Throwing (accuracy and arm strength)
        Defense (all aspects of defense – range, tracking, awareness)

        Then, if you had to call for a “sixth tool” it’d be staying on the field.

        Counting catching and range as two separate tools is simply ridiculous. If you can’t catch a ball, you wouldn’t be an outfielder. It’s really that simple.

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  3. ricker says:

    There are plenty of untruths that go with projection models, stereotyping, and profiling. It’s like comparing our planet Earth to a billion other planets and and concluding life on planet Earth can’t mathematically exists. So I have a hard time comparing Miguel Cabrera to anyone but Miguel Cabrera. He is his own entity.

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    • Eric R says:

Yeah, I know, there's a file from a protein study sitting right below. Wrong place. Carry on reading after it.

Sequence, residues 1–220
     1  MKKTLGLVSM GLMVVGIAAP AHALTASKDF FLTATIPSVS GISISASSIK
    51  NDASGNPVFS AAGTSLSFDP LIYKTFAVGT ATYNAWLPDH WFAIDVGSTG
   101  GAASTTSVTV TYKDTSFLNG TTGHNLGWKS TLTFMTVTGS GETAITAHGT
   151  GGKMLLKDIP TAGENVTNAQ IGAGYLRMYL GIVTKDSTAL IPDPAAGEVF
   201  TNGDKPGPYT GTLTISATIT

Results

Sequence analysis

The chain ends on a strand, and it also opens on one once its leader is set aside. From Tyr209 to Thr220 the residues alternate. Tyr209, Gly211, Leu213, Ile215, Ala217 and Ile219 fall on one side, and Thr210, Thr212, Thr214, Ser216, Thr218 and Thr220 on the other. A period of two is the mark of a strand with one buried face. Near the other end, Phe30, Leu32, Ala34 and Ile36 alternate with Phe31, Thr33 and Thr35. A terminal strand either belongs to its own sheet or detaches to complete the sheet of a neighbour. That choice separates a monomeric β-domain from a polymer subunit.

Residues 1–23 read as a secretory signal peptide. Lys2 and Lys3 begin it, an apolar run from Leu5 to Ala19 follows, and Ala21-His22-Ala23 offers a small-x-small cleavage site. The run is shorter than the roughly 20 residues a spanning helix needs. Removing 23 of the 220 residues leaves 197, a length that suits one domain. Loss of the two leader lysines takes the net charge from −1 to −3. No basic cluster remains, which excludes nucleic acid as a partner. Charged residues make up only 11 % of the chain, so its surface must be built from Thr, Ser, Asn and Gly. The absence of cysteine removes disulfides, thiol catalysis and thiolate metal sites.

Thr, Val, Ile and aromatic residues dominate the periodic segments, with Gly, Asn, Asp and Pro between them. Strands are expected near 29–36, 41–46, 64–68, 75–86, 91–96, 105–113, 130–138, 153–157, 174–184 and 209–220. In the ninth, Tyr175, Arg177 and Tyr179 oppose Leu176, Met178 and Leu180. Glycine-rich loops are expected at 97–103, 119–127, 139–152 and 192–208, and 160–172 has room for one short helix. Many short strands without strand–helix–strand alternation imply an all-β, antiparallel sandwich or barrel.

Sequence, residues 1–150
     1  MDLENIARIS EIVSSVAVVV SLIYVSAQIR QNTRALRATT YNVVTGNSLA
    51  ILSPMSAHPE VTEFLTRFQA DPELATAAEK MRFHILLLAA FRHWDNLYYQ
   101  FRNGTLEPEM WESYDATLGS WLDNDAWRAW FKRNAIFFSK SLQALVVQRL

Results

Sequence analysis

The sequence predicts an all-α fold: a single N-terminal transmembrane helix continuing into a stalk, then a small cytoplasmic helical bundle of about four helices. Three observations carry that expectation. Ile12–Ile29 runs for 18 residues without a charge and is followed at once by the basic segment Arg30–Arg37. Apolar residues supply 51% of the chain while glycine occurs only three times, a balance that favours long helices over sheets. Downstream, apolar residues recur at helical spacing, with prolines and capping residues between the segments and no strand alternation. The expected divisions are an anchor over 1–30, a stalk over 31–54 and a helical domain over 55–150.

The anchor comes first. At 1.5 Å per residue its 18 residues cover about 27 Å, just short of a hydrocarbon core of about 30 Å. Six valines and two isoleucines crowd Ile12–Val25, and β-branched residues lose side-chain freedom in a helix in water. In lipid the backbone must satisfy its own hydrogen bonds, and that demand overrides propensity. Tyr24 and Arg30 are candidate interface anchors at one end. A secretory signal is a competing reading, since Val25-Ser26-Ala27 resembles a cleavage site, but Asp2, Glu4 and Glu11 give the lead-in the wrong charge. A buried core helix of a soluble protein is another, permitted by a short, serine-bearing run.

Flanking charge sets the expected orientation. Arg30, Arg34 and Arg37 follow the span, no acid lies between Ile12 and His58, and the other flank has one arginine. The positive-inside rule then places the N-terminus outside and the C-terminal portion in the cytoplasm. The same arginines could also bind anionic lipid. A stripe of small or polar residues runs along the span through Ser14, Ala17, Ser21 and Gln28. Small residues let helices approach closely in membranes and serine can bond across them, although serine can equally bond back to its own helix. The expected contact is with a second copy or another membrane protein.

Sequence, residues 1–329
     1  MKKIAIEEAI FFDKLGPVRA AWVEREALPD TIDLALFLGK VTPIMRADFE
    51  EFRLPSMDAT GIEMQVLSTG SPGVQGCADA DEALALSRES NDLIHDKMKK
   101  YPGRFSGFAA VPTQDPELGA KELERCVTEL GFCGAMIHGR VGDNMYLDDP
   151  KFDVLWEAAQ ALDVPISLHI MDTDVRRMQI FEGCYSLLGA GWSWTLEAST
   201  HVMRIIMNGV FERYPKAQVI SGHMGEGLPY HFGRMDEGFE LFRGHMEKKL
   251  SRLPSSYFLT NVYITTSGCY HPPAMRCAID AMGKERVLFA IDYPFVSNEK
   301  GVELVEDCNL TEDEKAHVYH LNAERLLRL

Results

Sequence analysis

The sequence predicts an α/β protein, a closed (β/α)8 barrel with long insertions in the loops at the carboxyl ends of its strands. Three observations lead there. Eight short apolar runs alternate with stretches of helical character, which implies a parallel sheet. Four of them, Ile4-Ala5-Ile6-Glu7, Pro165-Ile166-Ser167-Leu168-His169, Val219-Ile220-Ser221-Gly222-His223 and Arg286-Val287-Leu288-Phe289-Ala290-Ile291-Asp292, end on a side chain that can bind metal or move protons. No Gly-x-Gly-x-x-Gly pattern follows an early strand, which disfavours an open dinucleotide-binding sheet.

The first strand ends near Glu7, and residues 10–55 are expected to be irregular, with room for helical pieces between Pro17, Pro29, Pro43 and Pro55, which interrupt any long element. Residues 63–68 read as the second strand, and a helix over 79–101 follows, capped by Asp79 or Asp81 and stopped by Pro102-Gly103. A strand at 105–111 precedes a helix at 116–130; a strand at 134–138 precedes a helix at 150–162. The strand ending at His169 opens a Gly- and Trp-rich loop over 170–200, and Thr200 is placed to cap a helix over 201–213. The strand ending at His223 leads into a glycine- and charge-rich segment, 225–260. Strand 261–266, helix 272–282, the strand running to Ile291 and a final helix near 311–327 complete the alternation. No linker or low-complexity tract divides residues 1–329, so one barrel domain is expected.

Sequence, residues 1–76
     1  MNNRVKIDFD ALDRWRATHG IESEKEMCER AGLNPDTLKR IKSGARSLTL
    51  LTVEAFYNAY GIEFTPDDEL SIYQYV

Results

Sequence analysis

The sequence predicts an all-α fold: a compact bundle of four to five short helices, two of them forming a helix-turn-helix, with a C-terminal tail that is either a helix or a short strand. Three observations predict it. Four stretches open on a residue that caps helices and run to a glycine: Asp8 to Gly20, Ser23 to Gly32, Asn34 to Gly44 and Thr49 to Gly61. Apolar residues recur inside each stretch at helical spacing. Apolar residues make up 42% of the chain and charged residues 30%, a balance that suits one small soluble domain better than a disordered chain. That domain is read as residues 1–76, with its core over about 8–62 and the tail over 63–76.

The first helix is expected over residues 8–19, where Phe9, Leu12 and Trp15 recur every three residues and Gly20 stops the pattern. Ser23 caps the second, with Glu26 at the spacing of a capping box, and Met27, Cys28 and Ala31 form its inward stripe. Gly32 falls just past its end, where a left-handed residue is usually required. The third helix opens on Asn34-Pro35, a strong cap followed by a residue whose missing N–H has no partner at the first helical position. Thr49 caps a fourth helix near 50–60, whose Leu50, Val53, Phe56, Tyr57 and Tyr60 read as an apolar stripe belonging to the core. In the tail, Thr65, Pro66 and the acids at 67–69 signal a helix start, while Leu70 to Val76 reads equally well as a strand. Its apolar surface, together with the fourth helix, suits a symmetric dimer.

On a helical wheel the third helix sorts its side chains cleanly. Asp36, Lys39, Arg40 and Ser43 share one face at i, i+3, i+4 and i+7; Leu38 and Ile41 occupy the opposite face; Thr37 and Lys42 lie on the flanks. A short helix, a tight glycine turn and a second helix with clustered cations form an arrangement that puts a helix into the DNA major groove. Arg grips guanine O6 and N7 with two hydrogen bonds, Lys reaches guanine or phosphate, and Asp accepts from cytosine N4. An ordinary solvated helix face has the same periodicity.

“It’s like comparing our planet Earth to a billion other planets and and concluding life on planet Earth can’t mathematically exists”

      Except for the math part.
      If there are ~100 billion galaxies and each has
      200 billion stars and those average
      3 planets each [aren’t we lucky to have eight…?] then

      Even with a one-in-a-million chance that a planet meets the conditions for life and a one-in-a-billion that it actually happens, we’d still expect tens of millions of inhabited planets!
      with a 1/100 chance
      If there are ~200 billion stars in each of
      100 billion galaxies and each of those stars averages just there planets

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      • ricker says:

        Which is exactly my point. In 100 years of baseball, we haven’t discovered all conditions which are specific to Miguel Cabrera. Maybe with a billion more years of baseball data, we would discover a thousand Cabrera like planets. Baseball is still in its infancy when it comes to statistics.

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        • chuckb says: